One thing is clear. The richest people in the world in 20 year's time will not have built their fortunes from making software, which will come as a hard shock to people like Whitehurst who might have hoped to retire rich on open source’s fortunes. If Microsoft's Bill Gates or Larry Ellison of Oracle were in their early 20s today, they would be looking for other ways to make their money.®
Additional reporting by Gavin Clarke
RE: This is broken in the release version
Not take over, increase the installed base in a slowly but surely manner...yes.
It's not black and white, there are different shades of grey. Not that Windows has to vanish for Linux or Mac to surface.
Or are we all still driving Black coloured Ford T's nowadays?
Well, my point is that you CAN open that pdf document but it so happens that not with the default application in certain distro (thanks for pointing this out, I will change the settings for that type of file). You might need to do a right-click and then another click but that would render your .pdf as intended. No need to generalise or put it in a way that sounds like "Linux won't open PDF". I take it you knew other software would open that file correctly (KGhostview and KPDF for example) but you didn't bother mentioning it...hence disinformation. Or at the least not a constructive attitude which helps nobody (well maybe M$).
Before I go on into your next paragraph I have to mention though that Adobe Reader 8 in Windows opened that file flawlessly fast too, so no point in doing benchmarks there (at least in the PC I tried, perhaps benchmarking this in older machines would make a point).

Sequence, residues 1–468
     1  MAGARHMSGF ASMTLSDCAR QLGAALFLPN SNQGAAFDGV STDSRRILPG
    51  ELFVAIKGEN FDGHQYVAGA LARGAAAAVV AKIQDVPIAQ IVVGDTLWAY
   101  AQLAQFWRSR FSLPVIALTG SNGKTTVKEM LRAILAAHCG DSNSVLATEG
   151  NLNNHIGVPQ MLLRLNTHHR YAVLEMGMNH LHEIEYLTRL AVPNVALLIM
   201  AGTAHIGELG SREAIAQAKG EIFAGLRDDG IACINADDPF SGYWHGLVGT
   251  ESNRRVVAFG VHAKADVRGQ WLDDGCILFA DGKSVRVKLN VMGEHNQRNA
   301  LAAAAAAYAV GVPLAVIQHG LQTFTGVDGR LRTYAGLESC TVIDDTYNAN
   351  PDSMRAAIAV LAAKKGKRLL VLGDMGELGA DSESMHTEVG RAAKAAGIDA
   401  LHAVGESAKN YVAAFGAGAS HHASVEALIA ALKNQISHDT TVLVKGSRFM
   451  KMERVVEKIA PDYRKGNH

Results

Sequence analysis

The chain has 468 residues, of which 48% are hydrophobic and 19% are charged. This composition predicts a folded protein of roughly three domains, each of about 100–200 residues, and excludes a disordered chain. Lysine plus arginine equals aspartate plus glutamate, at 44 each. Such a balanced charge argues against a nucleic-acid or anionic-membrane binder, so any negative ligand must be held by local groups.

Regarding breakness I have been using the debian distro on the Desktop for nearly a year on a E6300 and I have yet to get it thoroughly broken. Sometimes I might have run into dodgy stuff by installing conflictive software from non-debian repositories, but it was very easy to do "apt-get remove nameofproblem" and then either installing another version or look for a replacement.
It is a different way of doing things, but I feel as it is much easier and quicker to tell the computer "install this" or "remove this" than all the parade that Windows makes you go through whenever you want to do samely.
And many a times you can also find yourself with broken Windows due to dodgy hardware/drivers, welcoming you with a BSOD. Yes this can be solved, but you do have to take your time to boot in safe mode and do the deed and restart again hoping for the best.
In the worst case scenario the whole thing will be non-workable and the only viable solution (or the one most widely accepted) is to reinstall the whole thing, which will then take you a good half a day.
You can use Ghost too, but does the average user know how to operate that?
I haven't the time right now to pick on each of these: "poor documentation, unfixed bugs, badly designed code, imitations of other software, poor quality user interfaces" and I don't think it will be worth it as I doubt there's people looking at this that could benefit from this. To make it short:
- Barely anybody makes any proper documentation nowadays and I still have to find people that actually reads it when there is. The software in fact should be engineered for the average user and software not to need documentation (that's why we decided to use icons and stuff after all isn't it?)
- Everybody has bugs (and some of them take forever to fix them, see http://www.theregister.co.uk/2007/12/20/more_vista_copying_problems/).
- I dread to think what the code will be like in some applications that have been building on top of the same code for years/decades where the programmers/tools have also been changing.